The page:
A new public officer bill that seeks to provide code of conduct for public officials and sufficiently address key issues concerning asset declaration is ready and currently undergoing review by stakeholders.
The bill, which was put together by the Attorney General and Ministry of Justice, is expected to domesticate the United Nations Convention against Corruption and the African Union Convention on the prevention and combating of corruption.
It will also seek to address the condition under which a person is qualified or disqualified from holding public office, legal proceedings against public officers, administrative procedures, the oath of office, sanctions and regulatory among others.
Although it is yet to be presented to parliament and cabinet for deliberation and approval, the bill, gives details of code of conduct for public officials as compared to that of the 1992 constitution.
Per the bill, “a public officer, who fails to submit a declaration, commits an offence and is liable on summary conviction to a fine of not less than one hundred penalty units and not more than two hundred penalty units.”
Also “A public officer shall not sell or make a gift of a vehicle, building or other valuable asset of the government to another officer.”
These came to light yesterday in Accra, at a stakeholders workshop, organised by the Attorney General and Ministry of Justice, to engage key agencies on the enactment of the bill.
It brought together participants from the Electoral Commission, Media Commission, Ghana Journalist Association, Judicial Service, security agencies, Pubic Service Commission, Commission on Human Rights and Administrative Justice (CHRAJ), among others.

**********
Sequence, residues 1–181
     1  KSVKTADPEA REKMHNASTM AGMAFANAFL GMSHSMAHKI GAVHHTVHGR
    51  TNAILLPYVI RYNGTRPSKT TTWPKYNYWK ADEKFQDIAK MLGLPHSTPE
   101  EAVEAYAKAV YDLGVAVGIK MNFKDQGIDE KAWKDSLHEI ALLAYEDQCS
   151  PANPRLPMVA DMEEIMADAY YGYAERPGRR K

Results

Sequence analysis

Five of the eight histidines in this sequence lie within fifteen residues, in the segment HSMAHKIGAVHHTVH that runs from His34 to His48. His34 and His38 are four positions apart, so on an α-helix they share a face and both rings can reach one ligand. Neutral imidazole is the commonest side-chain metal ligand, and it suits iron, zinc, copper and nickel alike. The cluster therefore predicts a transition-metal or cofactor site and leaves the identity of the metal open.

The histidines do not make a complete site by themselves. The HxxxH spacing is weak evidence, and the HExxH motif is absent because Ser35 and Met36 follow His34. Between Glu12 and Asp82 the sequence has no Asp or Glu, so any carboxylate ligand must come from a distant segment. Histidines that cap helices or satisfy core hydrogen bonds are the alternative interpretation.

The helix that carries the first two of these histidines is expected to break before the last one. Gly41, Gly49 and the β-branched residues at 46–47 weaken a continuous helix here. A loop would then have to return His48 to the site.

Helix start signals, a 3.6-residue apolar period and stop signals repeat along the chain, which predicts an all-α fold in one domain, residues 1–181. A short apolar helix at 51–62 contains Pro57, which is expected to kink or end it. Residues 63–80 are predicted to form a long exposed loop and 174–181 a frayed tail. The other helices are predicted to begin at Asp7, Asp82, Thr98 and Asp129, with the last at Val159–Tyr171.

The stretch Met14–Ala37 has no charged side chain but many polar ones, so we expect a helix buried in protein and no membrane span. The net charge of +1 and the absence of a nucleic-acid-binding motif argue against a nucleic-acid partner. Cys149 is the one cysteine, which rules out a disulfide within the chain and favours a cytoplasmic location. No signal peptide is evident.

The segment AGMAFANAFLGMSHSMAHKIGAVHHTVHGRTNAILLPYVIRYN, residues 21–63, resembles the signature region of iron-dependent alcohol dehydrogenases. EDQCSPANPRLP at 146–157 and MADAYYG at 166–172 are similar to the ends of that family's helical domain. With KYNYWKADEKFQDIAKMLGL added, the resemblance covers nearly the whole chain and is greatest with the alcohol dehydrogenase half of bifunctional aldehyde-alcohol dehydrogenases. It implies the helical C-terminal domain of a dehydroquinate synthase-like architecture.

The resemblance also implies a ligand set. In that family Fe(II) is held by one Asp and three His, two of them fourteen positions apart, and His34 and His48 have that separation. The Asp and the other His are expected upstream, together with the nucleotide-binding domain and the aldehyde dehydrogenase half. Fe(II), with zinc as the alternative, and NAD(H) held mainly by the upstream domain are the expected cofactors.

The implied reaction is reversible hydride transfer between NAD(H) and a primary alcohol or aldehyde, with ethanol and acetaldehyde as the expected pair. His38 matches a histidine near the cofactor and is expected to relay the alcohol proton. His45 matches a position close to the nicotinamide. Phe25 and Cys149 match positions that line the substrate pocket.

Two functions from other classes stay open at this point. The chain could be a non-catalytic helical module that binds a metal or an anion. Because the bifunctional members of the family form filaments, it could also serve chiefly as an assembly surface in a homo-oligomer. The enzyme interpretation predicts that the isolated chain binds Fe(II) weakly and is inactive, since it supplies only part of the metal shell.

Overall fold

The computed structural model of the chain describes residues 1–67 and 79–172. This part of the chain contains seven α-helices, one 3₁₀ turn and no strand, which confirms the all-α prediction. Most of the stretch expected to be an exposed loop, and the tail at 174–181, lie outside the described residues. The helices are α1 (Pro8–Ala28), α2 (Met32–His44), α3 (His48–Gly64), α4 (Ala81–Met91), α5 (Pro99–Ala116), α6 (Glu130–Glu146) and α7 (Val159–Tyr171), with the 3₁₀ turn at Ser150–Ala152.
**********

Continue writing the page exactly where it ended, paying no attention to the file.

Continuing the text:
The Attorney General and Minister of Justice, Godfred Yeboah Dame, said that the new bill would serve the purpose of legislation in other jurisdictions like the United States Ethics in Government Act and Public Officer Ethics Act of Kenya.
He was confident that the bill, if passed into law, would strengthen the role of CHRAJ in the investigation of allegations of contraventions, non-compliance with the code of conduct for public officers, including conflict of interest, non-declaration of assets and illicit enrichment.
“It is my respectful view that the bill will be a huge shot in the arm of the fight against corruption for our country. Currently, legislation in Ghana is inadequate to deal extensively with public office accountability.
Hence the need for legislation which meets the minimum standards contained in the United Nations Convention and Africa Union Convention on prevention and combating corruption regarding public officer accountability and corruption,” Mr Dame said.
He explained that it would also seek to address matters relating to sexual harassment and provides a gamut of stringent administrative measures and sanctions to deal with violation of the law, ranging from a bar against holding public office to penal measures.
The passage of the bill into law, the minister said, should not prevent other public Institutions from further improving accountability and ethical conduct at work place by enacting specific codes of discipline to meet the peculiar demand of their establishment.
The passage of the bill into law provides the legal framework to identify and manage conflict of interest scenarios pertaining to public officers, so as to have one global legislation for dealing with corruption, among many other things,” Mr Dame said.
BY CLAUDE NYARKO ADAMS